“When you get to that confrontation of truth with what matters to you, it creates the greatest opportunity for change,” said Dr. Groppel (http://well.blogs.nytimes.com/2015/01/19/writing-your-way-to-happiness/?_r=1)
I began my Self-Love Diet in earnest in 2004, the same year I began writing my book, Self-Love Diet: The Only Diet That Works. Before my daily writing, I thought I was doing well. I am a psychotherapist who specializes in helping people recover from eating disorders, and I have had success in this field. During the years I began my writing practice, I was surprised I had so many critical thoughts about my body, abilities, and decisions. These critical thoughts had become the backdrop to my daily thoughts, just under my awareness. When I began consciously working to change each critical thought, it felt like a full-time job! It became clear that committing to self-love is not for the weak of heart!
In fact, I believe we need to be warriors, Love Warriors, if we are to combat the billion dollar diet, exercise, and health industry that benefits from us feeling less than and telling us that their products will make us into the current culturally sanctioned ideal (which continuously changes, along with the scientific evidence for what helps us to lose weight!). I found myself needing to be a warrior in order to fight this uphill battle. I needed to declare that the number on the scale is not related to my happiness, joy, contentment, inner peace, or my value, not unless I let it.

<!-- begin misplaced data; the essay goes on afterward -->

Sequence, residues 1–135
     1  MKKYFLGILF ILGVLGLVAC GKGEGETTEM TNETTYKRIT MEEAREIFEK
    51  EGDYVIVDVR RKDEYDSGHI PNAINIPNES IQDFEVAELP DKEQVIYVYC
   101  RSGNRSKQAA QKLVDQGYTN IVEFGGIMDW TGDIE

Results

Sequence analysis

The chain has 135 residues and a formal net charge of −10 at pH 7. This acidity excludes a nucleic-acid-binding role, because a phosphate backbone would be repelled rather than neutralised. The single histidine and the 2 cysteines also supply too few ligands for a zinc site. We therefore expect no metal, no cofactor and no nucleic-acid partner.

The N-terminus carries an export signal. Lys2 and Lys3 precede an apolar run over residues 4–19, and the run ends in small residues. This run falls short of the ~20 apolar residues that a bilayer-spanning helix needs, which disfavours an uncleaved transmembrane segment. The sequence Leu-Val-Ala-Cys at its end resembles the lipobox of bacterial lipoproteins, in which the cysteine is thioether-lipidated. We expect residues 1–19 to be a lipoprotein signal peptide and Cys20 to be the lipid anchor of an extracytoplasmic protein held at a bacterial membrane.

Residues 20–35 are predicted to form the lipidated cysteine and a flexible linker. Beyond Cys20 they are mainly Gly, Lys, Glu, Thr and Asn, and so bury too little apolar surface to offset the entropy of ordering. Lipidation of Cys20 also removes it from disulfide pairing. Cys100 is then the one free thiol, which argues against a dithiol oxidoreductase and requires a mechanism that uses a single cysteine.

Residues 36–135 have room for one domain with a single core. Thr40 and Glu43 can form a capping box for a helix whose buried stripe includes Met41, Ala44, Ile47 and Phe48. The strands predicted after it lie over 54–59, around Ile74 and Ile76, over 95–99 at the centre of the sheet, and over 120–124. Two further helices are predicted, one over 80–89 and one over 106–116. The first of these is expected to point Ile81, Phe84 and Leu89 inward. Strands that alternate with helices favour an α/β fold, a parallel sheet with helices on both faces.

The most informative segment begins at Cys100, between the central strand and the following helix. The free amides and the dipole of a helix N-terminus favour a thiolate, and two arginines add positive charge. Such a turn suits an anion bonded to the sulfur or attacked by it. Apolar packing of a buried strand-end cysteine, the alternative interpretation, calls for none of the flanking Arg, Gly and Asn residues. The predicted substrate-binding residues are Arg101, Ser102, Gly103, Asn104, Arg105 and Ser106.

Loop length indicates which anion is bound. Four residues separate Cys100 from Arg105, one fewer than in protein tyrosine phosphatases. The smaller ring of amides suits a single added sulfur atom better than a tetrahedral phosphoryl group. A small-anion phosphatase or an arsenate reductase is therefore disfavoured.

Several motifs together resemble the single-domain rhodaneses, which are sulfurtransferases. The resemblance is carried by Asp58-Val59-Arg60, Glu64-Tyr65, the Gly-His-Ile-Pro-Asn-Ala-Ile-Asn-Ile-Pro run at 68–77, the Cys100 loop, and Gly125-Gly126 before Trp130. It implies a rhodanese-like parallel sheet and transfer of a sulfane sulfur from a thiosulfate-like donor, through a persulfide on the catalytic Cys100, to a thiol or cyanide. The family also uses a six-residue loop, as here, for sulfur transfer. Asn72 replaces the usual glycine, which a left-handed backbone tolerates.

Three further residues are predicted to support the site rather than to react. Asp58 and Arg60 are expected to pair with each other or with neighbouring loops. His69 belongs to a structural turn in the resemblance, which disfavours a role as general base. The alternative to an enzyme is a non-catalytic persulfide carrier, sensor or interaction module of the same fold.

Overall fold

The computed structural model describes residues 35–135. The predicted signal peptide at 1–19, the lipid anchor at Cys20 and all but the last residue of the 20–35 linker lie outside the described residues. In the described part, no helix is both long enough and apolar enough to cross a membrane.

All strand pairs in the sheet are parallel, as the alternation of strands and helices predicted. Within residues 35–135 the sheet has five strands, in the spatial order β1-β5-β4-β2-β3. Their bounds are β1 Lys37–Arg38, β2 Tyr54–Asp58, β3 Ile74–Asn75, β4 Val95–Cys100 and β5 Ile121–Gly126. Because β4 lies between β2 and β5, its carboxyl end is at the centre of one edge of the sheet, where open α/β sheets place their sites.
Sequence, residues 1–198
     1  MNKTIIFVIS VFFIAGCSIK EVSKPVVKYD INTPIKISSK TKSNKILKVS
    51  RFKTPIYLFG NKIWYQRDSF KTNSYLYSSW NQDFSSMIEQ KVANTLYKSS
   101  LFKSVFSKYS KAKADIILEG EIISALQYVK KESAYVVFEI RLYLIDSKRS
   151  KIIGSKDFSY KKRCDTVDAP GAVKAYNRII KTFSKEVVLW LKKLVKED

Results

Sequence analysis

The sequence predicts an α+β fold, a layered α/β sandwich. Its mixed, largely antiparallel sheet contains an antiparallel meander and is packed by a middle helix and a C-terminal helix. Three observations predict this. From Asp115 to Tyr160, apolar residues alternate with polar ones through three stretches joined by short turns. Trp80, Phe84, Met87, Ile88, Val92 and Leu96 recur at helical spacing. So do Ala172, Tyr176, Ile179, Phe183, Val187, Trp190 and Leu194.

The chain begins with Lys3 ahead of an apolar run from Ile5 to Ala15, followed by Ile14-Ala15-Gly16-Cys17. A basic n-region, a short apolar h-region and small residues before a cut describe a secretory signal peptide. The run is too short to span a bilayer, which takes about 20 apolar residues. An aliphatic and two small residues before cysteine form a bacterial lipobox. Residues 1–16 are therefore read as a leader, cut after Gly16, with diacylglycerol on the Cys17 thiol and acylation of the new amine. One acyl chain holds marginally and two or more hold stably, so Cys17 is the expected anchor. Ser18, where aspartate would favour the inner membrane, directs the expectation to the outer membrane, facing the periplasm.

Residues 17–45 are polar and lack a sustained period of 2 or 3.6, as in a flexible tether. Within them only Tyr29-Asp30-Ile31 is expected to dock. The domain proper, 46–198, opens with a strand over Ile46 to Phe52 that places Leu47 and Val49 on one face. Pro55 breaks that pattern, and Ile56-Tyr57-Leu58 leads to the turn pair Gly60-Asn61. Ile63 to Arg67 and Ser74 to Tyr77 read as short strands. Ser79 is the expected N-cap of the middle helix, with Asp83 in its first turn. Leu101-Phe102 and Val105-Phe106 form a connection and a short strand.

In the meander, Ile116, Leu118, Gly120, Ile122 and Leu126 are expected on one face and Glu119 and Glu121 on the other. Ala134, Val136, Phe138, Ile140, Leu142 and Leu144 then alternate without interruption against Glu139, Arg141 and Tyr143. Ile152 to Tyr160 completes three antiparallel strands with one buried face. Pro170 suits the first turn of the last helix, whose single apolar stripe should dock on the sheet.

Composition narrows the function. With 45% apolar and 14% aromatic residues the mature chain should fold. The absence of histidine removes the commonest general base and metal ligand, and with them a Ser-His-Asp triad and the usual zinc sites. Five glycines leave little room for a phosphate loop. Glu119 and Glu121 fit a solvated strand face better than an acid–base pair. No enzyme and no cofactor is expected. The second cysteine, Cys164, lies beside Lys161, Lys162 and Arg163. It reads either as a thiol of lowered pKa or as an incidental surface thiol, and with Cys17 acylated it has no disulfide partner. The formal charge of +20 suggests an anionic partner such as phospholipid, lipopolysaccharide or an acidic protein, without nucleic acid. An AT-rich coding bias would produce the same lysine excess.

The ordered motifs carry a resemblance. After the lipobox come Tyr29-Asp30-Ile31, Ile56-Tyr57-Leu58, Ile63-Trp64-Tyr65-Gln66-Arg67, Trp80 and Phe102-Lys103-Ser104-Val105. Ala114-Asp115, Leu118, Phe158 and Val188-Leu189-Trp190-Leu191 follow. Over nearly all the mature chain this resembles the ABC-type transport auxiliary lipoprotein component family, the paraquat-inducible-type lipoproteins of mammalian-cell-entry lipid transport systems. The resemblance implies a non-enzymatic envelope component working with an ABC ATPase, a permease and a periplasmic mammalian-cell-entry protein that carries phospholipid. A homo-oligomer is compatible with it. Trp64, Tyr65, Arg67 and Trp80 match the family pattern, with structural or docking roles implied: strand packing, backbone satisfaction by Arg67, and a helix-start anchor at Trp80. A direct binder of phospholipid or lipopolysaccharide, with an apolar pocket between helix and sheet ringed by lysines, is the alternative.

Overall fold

Can someone go from hating themselves and their body to loving themselves and their body in 31 days? Yes, and No.
Yes: because we’ve read people’s experience of telling their bodies that they love them for the first time in their lives. Others have committed to catching negative thoughts and using the 5-step process to turn their critical thoughts around. One husband of a participant shared with us his gratitude for this annual writing challenge and credited it with brining in emotional honesty and expression of feelings into his relationship with his wife.
No: because it’s not that simple. The intention of loving one’s self is not something you can put on a to-do-list and check off. It’s an ongoing commitment to yourself, it’s a journey, a daily practice of regularly offering yourself love until it becomes what you do and who you are.